If you’re suspicious of the cinnamon addition, skip it: I’ll admit it’s not to everyone’s taste. I quite enjoyed the hint of spice but half a teaspoon of ground caraway will be less startling. That would be my idea; the scalding procedure comes from Virtuous Bread.

It reminds me a little of the Japanese tadzhong technique which involves cooking up a starter of flour and milk, not unlike roux for béchamel, and adding it to the bulk of other ingredients.

Basically, it’s the case of Very Picky Yeast which won’t feed on raw flour but demands to be served a cooked starter.

But of course the scalded bread is nothing like the super fluffy Japanese Hokkaido. It’s much stodgier in a familiar European way.

I’ll be keen to try improvise on the scalding so watch this space. Bad, bad bread!

bread with scalded rye flour loaf

More rye bread recipes

Seeded light rye bread with linseed, sunflower and pumpkin. This light rye loaf is a little like a blonde pumpernickel, quite easy to bake and best sliced a day after baking.

Light rye yoghurt sourdough, healthy and tasty, with whole rye grain and linseed. It’s a blessing for gut health!

Rye crispbread, Swedish knäckebröd style thins, is full of flavour and quite easy to make. Ryvita, eat your heart out.

More unusual bread recipes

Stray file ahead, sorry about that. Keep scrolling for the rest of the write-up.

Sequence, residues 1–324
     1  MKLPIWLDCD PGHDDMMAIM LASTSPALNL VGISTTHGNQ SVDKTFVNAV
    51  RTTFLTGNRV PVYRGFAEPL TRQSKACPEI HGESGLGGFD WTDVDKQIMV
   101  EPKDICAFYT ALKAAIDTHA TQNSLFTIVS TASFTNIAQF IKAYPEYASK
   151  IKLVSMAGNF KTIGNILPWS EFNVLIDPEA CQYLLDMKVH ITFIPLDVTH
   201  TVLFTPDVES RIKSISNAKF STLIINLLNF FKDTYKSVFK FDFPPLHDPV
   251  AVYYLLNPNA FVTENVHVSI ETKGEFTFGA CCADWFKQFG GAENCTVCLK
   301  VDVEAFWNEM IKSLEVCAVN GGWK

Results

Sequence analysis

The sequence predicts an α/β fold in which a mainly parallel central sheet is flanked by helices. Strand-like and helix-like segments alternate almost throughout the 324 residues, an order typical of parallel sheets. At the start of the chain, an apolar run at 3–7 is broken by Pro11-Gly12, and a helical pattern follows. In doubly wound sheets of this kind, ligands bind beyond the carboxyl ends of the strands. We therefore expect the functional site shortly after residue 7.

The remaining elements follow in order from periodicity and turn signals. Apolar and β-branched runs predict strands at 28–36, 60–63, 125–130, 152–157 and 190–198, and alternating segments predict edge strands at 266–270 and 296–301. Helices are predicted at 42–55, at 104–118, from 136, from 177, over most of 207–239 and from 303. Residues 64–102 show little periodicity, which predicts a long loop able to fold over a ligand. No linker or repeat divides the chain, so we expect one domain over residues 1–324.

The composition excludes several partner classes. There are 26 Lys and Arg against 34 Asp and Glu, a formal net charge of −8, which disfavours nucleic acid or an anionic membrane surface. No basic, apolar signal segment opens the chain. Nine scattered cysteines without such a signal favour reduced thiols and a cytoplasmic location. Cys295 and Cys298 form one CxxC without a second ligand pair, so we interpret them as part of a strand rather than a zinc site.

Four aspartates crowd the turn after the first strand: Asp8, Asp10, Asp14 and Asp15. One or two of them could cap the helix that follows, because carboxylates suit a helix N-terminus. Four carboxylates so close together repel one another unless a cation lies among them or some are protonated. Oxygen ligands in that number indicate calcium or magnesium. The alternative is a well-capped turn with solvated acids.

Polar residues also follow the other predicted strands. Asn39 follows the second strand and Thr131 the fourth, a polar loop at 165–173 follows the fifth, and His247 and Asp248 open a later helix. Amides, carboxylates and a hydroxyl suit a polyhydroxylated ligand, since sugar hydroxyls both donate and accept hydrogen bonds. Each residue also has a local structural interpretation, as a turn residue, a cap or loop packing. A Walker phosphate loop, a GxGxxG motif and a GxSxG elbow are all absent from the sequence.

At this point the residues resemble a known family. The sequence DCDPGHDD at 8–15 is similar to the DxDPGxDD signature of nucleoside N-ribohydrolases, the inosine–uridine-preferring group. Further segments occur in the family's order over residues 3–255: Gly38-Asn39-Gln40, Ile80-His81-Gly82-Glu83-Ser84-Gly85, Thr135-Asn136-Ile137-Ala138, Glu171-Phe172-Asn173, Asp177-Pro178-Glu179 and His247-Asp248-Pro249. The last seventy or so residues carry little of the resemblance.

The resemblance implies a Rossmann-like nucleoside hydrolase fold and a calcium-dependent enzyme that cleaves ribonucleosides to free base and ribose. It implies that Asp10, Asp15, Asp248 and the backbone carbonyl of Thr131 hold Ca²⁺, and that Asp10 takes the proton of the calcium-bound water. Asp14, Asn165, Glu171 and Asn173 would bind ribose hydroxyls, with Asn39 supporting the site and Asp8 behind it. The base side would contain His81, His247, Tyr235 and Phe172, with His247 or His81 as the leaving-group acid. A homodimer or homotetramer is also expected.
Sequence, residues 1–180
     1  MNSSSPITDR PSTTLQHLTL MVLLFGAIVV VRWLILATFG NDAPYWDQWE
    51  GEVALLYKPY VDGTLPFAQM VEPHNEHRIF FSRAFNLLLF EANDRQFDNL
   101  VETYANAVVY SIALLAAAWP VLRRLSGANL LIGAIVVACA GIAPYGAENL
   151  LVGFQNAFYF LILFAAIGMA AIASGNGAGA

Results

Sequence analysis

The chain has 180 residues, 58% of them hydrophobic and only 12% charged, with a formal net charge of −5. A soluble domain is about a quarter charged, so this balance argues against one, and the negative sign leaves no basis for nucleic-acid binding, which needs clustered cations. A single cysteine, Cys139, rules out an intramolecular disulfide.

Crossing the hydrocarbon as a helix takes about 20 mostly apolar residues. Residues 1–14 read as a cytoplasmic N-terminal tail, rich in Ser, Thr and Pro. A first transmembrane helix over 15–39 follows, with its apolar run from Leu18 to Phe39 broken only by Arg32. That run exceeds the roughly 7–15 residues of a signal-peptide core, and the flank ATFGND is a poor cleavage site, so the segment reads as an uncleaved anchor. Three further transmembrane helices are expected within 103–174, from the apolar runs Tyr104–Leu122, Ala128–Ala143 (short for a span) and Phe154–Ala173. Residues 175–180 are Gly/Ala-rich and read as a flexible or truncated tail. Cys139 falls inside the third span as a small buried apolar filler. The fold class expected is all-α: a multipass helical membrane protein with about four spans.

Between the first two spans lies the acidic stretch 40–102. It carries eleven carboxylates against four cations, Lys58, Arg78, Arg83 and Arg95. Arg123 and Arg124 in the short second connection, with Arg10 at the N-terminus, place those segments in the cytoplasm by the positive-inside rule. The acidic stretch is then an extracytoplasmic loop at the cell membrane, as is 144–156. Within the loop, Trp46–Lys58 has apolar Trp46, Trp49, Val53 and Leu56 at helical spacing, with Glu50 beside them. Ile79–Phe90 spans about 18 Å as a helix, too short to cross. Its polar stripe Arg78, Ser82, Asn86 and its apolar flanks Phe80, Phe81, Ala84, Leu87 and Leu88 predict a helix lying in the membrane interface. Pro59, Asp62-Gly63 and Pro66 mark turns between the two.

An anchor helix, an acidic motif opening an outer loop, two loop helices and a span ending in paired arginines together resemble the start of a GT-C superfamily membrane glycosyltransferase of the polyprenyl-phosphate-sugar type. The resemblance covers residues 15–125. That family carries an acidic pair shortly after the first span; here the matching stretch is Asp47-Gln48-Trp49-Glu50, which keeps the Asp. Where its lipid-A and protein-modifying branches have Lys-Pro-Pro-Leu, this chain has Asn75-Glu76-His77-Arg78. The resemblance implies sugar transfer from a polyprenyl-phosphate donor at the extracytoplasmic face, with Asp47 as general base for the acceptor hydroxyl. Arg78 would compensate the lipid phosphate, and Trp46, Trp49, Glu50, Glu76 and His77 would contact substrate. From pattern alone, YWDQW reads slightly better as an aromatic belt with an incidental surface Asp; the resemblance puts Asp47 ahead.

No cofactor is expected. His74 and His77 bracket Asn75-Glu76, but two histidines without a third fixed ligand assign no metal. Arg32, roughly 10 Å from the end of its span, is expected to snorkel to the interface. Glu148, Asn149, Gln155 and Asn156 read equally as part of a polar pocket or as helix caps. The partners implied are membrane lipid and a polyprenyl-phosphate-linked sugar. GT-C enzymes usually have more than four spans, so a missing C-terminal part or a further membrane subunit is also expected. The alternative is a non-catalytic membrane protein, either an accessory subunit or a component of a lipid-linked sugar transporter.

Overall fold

Possibly the most organic, natural and fascinating way of creating food is bread leavened with wild yeast water made from fermented dried figs. Pure magic.

Japanese Hokkaido milk bread recipe as mentioned above, using tangzhong method. It is soft and fluffy and it is utterly delightful.

Does bread have a soul? They think so in Schwabia, south Germany, where they bake traditional spelt sourdough ‘souls’ bread rolls - Schwäbische Seelen.

scalded rye and wheat flour loaf

Scalded rye loaf

Servings: 2 small loavesTime: 15 hours


  • 150g dark or light rye flour
  • 300g boiling water
  • 300g strong white bread flour
  • 300g wholemeal flour
  • 300g water
  • 15g fresh (1½ tsp instant) yeast
  • 20g salt
  • 1 tbsp. honey
  • ½ tsp ground cinnamon


1. Prepare the scalded starter the night before baking. Place the rye flour in a large bowl, pour over the boiling water and stir to combine. Cover with cling film and leave overnight at room temperature.

2. The next morning add all the other ingredients to the scalded flour and knead by hand or in a standing mixer with a dough hook attachment, for about 15 minutes. Cover and leave in a warm place for 2 hours.

3. Lightly grease two 9-inch loaf tins.